Sassoon found the social and business atmosphere there congenial. Labor was cheap, taxes were low and foreigners enjoyed many privileges. At first the Shanghai business community did not know quite what to make of Sir Victor. He was less a businessman than a financial wizard, magically transforming the face of the city in less than a decade. Thanks to Sir Victor’s vision and money, Shanghai soon had the tallest buildings outside the United States. Across from Suzhou Creek, he built Embankment House, the largest building on the China coast, with a frontage of a quarter mile. More would follow, including Hamilton House (a big apartment hotel), Cathay Mansions and Grosvenor House, as well as a multitude of Chinese residences, shops, theaters and offices. By the mid-1930s, Sassoon was the top realtor in Shanghai, if not in all China.

Sir Victor’s crowning achievement, however, was the Cathay Hotel/Sassoon House. The hotel was at the entrance of Nanking Road, the “Mayfair” of the city and its commercial center. The property was close to the Bund, Shanghai’s all-important waterfront district. The first four floors housed offices, a shopping arcade and two banks. The third floor was occupied by E.D. Sassoon and Co., where Sassoon managed his empire. The rest of the structure was the hotel.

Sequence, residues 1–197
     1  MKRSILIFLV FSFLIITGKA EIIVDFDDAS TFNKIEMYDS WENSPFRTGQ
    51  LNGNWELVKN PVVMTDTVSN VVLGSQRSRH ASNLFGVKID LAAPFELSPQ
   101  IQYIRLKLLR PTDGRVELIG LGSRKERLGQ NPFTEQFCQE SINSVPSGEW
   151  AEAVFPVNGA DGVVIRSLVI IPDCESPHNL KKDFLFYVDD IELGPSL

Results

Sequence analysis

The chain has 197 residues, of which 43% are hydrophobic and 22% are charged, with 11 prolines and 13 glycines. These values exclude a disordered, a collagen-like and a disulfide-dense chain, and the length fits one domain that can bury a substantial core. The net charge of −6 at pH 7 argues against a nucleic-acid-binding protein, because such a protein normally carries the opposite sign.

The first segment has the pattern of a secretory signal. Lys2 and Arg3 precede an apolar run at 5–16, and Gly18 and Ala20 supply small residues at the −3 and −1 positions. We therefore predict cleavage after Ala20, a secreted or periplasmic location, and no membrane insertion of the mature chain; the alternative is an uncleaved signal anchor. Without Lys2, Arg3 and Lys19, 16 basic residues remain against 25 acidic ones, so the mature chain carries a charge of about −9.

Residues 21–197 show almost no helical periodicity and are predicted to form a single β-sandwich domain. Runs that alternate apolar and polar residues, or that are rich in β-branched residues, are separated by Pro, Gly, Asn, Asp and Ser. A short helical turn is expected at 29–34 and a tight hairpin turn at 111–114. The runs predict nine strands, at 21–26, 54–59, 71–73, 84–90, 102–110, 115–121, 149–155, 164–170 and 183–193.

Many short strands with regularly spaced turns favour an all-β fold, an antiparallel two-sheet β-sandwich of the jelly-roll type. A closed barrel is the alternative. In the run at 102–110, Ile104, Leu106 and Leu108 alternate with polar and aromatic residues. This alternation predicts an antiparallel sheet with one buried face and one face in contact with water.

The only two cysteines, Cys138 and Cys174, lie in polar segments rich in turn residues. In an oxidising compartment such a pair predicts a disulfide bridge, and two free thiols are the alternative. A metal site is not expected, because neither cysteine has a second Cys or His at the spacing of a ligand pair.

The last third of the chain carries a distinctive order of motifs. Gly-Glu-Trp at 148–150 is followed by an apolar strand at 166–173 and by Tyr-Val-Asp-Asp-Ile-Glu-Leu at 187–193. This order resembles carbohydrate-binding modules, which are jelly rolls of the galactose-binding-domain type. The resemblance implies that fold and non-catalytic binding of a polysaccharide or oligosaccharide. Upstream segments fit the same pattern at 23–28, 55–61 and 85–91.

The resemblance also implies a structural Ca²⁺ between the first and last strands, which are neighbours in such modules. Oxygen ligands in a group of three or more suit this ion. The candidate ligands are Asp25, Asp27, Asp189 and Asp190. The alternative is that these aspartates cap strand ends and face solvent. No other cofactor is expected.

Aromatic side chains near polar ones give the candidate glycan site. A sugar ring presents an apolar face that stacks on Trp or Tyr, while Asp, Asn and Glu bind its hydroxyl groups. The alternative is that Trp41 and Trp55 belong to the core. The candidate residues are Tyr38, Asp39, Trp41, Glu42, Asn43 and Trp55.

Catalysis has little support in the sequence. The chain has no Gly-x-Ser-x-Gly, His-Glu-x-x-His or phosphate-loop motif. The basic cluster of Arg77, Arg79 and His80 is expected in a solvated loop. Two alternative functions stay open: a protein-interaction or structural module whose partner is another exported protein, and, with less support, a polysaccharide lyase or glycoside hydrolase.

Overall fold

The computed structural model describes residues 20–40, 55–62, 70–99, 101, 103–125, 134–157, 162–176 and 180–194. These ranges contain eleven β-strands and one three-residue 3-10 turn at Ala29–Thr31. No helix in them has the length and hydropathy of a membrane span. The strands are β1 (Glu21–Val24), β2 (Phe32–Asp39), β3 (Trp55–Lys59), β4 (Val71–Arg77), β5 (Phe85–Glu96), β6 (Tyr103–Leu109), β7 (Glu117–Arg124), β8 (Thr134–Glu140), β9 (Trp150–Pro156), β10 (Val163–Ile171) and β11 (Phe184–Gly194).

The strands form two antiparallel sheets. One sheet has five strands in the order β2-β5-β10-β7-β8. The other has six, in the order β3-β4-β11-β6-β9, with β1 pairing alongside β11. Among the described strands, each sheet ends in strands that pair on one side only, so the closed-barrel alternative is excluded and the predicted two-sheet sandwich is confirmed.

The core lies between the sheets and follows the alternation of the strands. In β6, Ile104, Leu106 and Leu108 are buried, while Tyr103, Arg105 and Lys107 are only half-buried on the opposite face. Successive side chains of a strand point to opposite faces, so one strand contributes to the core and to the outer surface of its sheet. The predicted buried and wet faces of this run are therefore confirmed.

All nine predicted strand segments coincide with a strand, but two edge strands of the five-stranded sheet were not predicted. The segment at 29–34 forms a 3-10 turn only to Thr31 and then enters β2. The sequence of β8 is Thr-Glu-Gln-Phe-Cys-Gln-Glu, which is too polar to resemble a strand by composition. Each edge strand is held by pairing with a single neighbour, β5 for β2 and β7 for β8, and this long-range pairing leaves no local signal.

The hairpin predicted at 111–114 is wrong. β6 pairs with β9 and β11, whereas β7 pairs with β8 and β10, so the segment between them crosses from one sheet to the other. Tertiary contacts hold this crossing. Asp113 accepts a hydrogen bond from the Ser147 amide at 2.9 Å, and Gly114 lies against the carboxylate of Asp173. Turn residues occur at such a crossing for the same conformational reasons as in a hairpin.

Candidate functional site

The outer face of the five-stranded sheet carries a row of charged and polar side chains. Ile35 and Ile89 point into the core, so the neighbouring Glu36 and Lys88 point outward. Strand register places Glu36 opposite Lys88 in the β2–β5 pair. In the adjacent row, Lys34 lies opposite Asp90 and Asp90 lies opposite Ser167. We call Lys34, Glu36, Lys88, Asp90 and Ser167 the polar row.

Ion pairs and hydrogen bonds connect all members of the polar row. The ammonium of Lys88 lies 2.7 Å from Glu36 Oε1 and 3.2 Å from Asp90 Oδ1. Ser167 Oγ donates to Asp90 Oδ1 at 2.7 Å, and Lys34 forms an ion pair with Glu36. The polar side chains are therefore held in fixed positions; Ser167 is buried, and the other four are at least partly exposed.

The Cathay was an instant success and a legend in its own time. Its severe yet elegant ferroconcrete facade, topped by a green pyramid roof, became the very symbol of the economic boom in 1930s Shanghai. It was an art deco masterpiece, its lobby sheathed in marble, its luxury and service unsurpassed.

Celebrities stayed there, including comedian Charlie Chaplin and playwright Noel Coward, who worked on Private Lives while recuperating from the flu. The Cathay and its owner were already renowned when the Japanese first attacked Shanghai in January 1932. The hotel was close enough to the warring armies to provide staff and visitors alike with a view of the action. Stray bullets whizzed by, and the hotel’s outside walls were peppered and gouged with shrapnel. With typical aplomb, Sassoon described his precarious location near the fighting as the “front row of the stalls.”

On one occasion Sassoon limped to the front of the hotel, intending to film the action. Suddenly a bullet passed perilously close to his head, crashing into a nearby window. A Chinese soldier had fired on the tycoon, apparently thinking he was a Japanese sniper. When the Chinese general in charge heard of the close call experienced by one of Shanghai’s most influential denizens, he sent an aide over to express his profound regrets and assurances that the guilty party would be punished. Not to be outdone, the Japanese offered their apologies as well for the shrapnel damage they inflicted on the “Honorable Cathay.” Sir Victor, with typical aplomb, downplayed the incident. “On the whole,” he recalled, “everything was most gentlemanly.”

Outnumbered and outgunned, the Chinese fought on for as long as they could, but were eventually driven out, and the Japanese took control of much of the city. Only the International Settlement remained inviolate — at least for the moment. Shanghai rejoiced and rebuilt. By 1935 the city was once again experiencing a real estate boom, and Sassoon continued to lead the way.